Most privacy eyes are currently focused on the new EU Model Clauses and forthcoming U.S. state laws that take effect in 2023. As the summer heats up, however, compliance professionals should look to the western U.S. states of Nevada and California.
(a) Expanded Rights for Nevada Consumers
This blog broadcast just over two years ago that many companies need not take any action to comply with what was then Nevada’s newly established consumer rights to opt out of information selling. Earlier this summer, the Nevada legislature updated that privacy law through SB 260 (which takes effect in October 2021) to profoundly expand the scope of (1) sales of which consumers may opt out and (2) types of entities subject to the law.
Nevada consumers will no longer have only the right to opt out of sales to data brokers. Under current law, a consumer may opt out of a sale only if the “purpose” of the sale is to allow the information’s recipient to further license or sell the information, i.e., sales to data brokers. As revised by SB 260, however, Nevada law defines “sales” to include exchanges of information for monetary consideration to any third party.
Data brokers, in addition to website operators, must now field opt-outs under Nevada’s updated law. As originally enacted, the law applied only to operators of commercial websites and online services. Come October (when SB 260 takes effect), data brokers must also comply with the law. (Unlike California and Vermont law, however, Nevada law does not create a data broker registry).
As we noted in 2019, exceptions abound under the Nevada law and SB 260 preserves and expands upon those exceptions. Given the expanded scope of sales, companies may need to now rely on such exceptions more substantially than they have been since 2019. A few of the key exceptions added by SB 260 ensure that the law does not apply to:
- Consumer reporting agencies and any agencies and entities subject to the GLBA;
- Any PII subject to the FCRA or GLBA;
- Entities that collect, maintain, or sell PII for fraud prevention purposes; and
- Any organization that does not collect, maintain, or sell covered information.
Given that Nevada’s privacy law will soon apply to traditional selling, organizations should reassess their compliance positions under the law before October. Fortunately, organizations that find themselves subject to the revised Nevada law probably also sell personal information under the CCPA (the next subject of this blog post), so compliance may be as simple as expanding CCPA opt-out rights to Nevadans.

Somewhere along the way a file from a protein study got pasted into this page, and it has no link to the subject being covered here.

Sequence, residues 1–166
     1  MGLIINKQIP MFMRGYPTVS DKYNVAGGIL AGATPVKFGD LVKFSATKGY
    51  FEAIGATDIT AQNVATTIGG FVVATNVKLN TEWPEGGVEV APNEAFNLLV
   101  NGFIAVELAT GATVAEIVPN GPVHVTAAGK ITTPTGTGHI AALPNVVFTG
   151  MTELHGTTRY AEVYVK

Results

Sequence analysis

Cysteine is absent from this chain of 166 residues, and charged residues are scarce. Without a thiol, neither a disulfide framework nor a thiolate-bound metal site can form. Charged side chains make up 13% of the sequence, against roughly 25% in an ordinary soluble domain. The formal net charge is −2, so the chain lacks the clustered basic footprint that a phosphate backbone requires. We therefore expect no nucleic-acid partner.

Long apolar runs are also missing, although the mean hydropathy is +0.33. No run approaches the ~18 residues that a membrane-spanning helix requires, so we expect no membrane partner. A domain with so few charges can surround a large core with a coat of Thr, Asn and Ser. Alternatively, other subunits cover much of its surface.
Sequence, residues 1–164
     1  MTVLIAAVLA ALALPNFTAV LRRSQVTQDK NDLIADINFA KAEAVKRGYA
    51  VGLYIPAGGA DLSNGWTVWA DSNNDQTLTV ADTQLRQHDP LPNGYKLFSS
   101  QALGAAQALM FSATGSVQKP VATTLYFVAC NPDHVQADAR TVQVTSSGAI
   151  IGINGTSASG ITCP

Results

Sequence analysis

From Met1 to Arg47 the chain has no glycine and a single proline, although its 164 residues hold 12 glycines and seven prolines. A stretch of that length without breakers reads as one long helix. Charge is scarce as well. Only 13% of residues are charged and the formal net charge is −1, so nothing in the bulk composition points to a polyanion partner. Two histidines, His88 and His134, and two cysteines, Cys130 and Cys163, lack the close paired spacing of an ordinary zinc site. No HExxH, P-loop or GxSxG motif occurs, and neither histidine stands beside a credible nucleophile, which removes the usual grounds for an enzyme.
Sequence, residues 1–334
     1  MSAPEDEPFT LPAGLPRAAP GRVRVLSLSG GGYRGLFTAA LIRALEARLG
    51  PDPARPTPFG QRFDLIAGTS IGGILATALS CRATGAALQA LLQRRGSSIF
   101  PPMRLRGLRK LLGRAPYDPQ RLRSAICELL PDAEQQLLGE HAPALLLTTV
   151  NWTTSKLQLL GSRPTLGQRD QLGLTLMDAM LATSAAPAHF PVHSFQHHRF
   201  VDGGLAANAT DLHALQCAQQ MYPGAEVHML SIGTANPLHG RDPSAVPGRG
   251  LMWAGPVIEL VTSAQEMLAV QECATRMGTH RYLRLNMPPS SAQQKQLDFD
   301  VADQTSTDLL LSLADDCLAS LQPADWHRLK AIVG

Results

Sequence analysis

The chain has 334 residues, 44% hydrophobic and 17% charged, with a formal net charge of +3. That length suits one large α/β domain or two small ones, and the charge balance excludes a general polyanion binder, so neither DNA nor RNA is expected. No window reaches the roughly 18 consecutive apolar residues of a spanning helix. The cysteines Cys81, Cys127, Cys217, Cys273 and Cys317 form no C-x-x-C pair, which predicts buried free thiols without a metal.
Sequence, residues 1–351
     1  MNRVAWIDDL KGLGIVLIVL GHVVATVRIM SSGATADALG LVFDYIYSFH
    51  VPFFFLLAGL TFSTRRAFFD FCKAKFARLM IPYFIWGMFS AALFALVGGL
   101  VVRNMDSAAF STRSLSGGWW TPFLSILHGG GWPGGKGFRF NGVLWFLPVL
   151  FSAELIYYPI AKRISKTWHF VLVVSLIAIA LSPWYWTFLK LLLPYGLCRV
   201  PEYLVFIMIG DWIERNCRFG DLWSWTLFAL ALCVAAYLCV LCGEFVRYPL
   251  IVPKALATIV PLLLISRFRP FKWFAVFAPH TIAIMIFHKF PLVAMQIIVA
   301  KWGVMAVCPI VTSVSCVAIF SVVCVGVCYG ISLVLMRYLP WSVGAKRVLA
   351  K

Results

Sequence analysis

(b) CCPA Enforcement Updates
Lest its neighbor to the east steal the privacy spotlight, California’s Attorney General introduced three important updates around “selling” under the CCPA, which, as many know, is broadly defined only in California to mean almost any type of sharing.
First, under CCPA regulations, businesses that collect and sell personal information from consumers online must accept opt-out requests through user-enabled privacy controls. The California Attorney General unequivocally clarified in online FAQs that the Global Privacy Control or “GPC” is one such control that companies must accept, writing that the GPC “must be honored by covered businesses as a valid consumer request to stop the sale of personal information.”
Although the GPC will become optional in 2023 under the California Privacy Rights Act (or CPRA, an update to the CCPA), global privacy controls are here to stay. For example, the recently signed Colorado privacy law requires the Colorado Attorney General to issue regulations by July 2023 requiring businesses to comply with a “user-selected universal opt-out mechanism.”
Second, newly released examples of CCPA enforcement also underscore the Attorney General’s focus on consumers’ right to opt out of sales, including through global privacy controls. Many of the enforcement actions that the Attorney General highlighted were centered around a business’s failure to facilitate consumers’ rights to opt out of CCPA sales. One enforcement action summary specifically mentioned a business’s failure to comply with opt-outs submitted via a user-enabled global privacy control such as the GPC as a basis for the enforcement action. The example noted that the company resolved the enforcement action without penalty (as most CCPA enforcement actions are resolved) by working with its privacy vendors, underscoring many companies’ growing reliance on outsourcing technical aspects of privacy compliance operations. Companies that launch online tracking controls for website users should check whether such controls respond to GPC signals.
Third, consumers may now scrutinize businesses’ privacy compliance around selling personal information, as the California Attorney General launched a new privacy enforcement tool. Through the tool, consumers may draft notices to a business that does not post a conspicuous “Do not Sell” button on the business’s website. Although developed by consumers, the notices generated through the tool are not without legal effect, and may trigger the CCPA’s 30 day compliance cure period. As such, businesses should (1) check the prominence of the business’s “Do not Sell” button(s) and (2) develop a process for flagging and escalating potential consumer notices.
Much like the European changes and updates, it seems that changes in state privacy laws and guidance will likely prevent privacy professionals from enjoying a relaxing summer.